Ever had a feeling that something isn’t quite right, yet you can’t put your finger on it?
It doesn’t have to be anything to do with sport, like ‘We just need a big-sized backman’!
I’m talking relationships, work, health … sometimes there’s just an inkling that something is out of whack.
And it’s an uneasy feeling.
Yet, give yourself a moment to ponder what on earth is going on, and you might just get to the bottom of it. Or find out what’s at the crux of it.
And that’s where sport and I are at at the moment.
It’s taken that feeling of unease to force myself to delve back into my habits and how I’ve been spending my time. And not a moment too soon.
NBA League Pass
I’ve recently gone and got myself NBA League Pass. Basically, you can view any game you like as it happens, or after the fact. Is totally up to you.
For those with an addictive personality, like yours truly, this could scream, ‘Dumb idea! What were you thinking!?’ Do you go to Chadstone shopping centre if you’re hooked on shopping or to a pub if you have a drinking problem? I’ll end the obvious analogies there.
But for someone trying to strike a healthy balance between games that I truly love and a family, set of friends and faith that I love more, it’s an intriguing move…
And look, it’s not so much the game watching that has been an issue, it’s the extra-curricular online hyperbole that it hard to avoid. I mean, the shopping would be easier to avoid if you didn’t hear about the ‘sales’, right?! Ok, I said I’ve leave the analogies behind. My bad…
There are a number of quality web sites that are so great to lose yourself in, from Espn to Grantland, to the NBA web site itself.
And it’s this time wasting that has given rise to the feelings of unease. At the end of a busy year, it’s harder to make the important things the priority. Legs are tired, minds need a rest, ‘the boxes are ticked’ around the house and with family; why not put your feet up and take in whatever the online world has to offer?
A lucky one
I realise I’m fortunate in having gone 12 months without sport, in that your experiences during your ‘time off’ help you comprehend the potential energy and life-giving people and activities there are to immerse yourselves in. As well as this, though, you come to truly understand just what an enormous hold your particular obsession had on you.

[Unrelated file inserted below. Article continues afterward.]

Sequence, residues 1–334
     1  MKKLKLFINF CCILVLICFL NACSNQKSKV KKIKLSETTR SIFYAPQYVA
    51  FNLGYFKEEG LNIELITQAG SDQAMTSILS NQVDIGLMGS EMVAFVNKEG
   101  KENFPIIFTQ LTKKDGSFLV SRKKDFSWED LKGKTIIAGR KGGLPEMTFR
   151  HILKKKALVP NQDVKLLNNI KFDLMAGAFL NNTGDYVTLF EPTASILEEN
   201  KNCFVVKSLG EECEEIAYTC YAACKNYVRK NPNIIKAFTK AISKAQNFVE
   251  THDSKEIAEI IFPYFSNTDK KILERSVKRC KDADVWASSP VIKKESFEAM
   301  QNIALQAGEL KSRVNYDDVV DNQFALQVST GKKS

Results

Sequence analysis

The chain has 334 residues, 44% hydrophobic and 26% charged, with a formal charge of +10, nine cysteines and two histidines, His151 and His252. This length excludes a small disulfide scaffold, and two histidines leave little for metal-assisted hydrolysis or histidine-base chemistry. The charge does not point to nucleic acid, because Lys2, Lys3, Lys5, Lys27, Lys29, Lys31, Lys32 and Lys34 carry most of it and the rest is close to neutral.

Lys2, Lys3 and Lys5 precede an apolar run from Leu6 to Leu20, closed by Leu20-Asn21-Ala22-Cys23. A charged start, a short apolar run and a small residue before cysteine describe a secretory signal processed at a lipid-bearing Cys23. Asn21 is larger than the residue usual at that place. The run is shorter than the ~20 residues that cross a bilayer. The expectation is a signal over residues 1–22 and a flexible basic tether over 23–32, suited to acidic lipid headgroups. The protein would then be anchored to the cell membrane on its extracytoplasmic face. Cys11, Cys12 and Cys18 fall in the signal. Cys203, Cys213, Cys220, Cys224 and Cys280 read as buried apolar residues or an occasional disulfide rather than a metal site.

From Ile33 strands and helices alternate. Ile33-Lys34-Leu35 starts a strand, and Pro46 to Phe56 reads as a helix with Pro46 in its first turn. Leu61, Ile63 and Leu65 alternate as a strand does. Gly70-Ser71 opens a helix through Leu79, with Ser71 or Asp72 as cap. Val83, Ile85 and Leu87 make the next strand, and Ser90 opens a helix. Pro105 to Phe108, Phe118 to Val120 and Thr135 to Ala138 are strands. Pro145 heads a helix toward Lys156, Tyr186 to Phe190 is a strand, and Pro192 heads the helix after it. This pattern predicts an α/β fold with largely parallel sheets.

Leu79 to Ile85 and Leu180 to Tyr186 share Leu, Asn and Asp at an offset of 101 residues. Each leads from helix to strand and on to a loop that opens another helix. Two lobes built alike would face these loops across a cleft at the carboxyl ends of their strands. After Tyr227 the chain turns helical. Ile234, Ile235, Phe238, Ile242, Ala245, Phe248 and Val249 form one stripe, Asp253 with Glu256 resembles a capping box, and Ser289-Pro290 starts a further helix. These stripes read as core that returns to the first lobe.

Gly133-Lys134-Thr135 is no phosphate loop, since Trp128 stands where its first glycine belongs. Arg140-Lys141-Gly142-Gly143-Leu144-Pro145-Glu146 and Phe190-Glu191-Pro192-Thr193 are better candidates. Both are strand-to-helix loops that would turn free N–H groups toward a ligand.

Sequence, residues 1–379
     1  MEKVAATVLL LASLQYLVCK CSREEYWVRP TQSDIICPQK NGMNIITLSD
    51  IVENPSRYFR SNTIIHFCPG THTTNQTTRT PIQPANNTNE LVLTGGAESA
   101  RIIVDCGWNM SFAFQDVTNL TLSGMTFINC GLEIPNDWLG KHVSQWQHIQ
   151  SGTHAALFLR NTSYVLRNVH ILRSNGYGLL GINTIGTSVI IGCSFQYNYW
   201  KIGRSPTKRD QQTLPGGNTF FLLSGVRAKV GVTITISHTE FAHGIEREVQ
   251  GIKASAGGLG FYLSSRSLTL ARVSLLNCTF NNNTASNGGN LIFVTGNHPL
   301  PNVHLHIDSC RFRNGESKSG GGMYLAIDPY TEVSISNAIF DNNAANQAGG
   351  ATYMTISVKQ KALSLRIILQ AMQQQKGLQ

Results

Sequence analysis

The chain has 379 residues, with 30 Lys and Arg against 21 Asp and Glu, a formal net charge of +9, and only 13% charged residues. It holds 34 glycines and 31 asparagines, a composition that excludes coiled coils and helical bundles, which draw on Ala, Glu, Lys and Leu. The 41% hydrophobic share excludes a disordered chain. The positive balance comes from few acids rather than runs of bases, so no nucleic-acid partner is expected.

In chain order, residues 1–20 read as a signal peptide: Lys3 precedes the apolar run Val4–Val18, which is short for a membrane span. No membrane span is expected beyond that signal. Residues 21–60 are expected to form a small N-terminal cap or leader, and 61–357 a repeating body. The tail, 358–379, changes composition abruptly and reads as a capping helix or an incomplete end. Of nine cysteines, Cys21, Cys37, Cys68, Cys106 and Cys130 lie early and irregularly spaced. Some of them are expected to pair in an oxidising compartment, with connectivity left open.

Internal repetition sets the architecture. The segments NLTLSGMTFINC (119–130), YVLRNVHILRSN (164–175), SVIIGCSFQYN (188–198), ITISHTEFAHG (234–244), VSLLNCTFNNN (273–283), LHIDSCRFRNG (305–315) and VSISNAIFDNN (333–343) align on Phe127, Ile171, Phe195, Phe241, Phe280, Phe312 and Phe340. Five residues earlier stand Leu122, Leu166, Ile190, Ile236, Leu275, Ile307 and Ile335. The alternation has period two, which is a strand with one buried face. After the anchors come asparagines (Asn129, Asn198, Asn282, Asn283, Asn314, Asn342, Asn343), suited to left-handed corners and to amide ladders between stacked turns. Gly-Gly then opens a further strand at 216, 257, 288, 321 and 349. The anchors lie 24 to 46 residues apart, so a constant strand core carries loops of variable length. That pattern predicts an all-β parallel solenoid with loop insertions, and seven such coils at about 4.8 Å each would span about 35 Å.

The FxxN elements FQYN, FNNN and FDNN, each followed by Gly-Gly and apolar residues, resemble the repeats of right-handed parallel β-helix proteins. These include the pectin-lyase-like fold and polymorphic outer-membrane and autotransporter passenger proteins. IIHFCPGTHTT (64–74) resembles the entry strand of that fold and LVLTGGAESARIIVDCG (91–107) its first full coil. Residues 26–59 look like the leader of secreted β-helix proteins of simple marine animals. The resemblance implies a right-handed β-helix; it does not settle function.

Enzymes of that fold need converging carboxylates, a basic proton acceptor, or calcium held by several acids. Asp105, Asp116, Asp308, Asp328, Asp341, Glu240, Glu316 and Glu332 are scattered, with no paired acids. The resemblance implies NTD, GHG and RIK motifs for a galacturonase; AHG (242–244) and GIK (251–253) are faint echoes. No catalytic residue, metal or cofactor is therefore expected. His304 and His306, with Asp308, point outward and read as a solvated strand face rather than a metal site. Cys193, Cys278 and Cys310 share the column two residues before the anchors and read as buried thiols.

Speak to anyone who has had time away from media, their phone, food, and they will tell you what a hold it had on them.
A number of people at church recently involved themselves in a 3 week fast. It wasn’t an entire ‘don’t eat for 21 days’ event, but believe me, it was full on.
And more than enough to know not just how much we can overly rely on food, but also how it’s used as comfort and something we use to wipe away the frustrations and pain of the week. The focus of the fast was not food, but our obsession with it played out. The word ‘idol’ came up for a number of us. Yep, something as simple and enjoyable as what we eat can be misused if we are not intentional about how we engage with it.
At the heart of this is the justification that ‘you’ve earned it’. Speak to any like-minded person and pretty much most behaviours will be excused on the basis that life is tough, you’ve had a hard week, there are worse things you could be doing, you’re in the midst of a challenging season of life … it’s a Tuesday; the list goes on!
Because I’ve had a year away, I know that the time that I’m spending online is a problem. It’s not hours per day, but it’s enough for me to know far too many particulars about the current NBA season – who’s on the rise, who’s dropping off, which teams are flying, which have disappointed, who’s injured a-gain, potential trades.
And if my mind is immersed in this meaningless information, it’s taking a passion which I genuinely love and turning it (back) into an obsession. This means that my neighbours, family, friends and my own personal wellbeing are compromised; I mean, when do you get offline and feel great about yourself?!
Fortunately it’s in the early days. I would never have considered 6 months ago when the year without sport ended that I would be giving myself access to every NBA game of the season.
But a big part of me is glad, and needs to be able to learn moderation in the face of temptation. Why should I deny myself the ability to watch a phenomenal sport with amazing athletes and personalities which I truly love?
Yet if I don’t get this right, that’s exactly what I’ll have to do.
I mean, if you come home from Chadstone with a $400 shopping bill, surely you take your credit card and … ahhh forget it …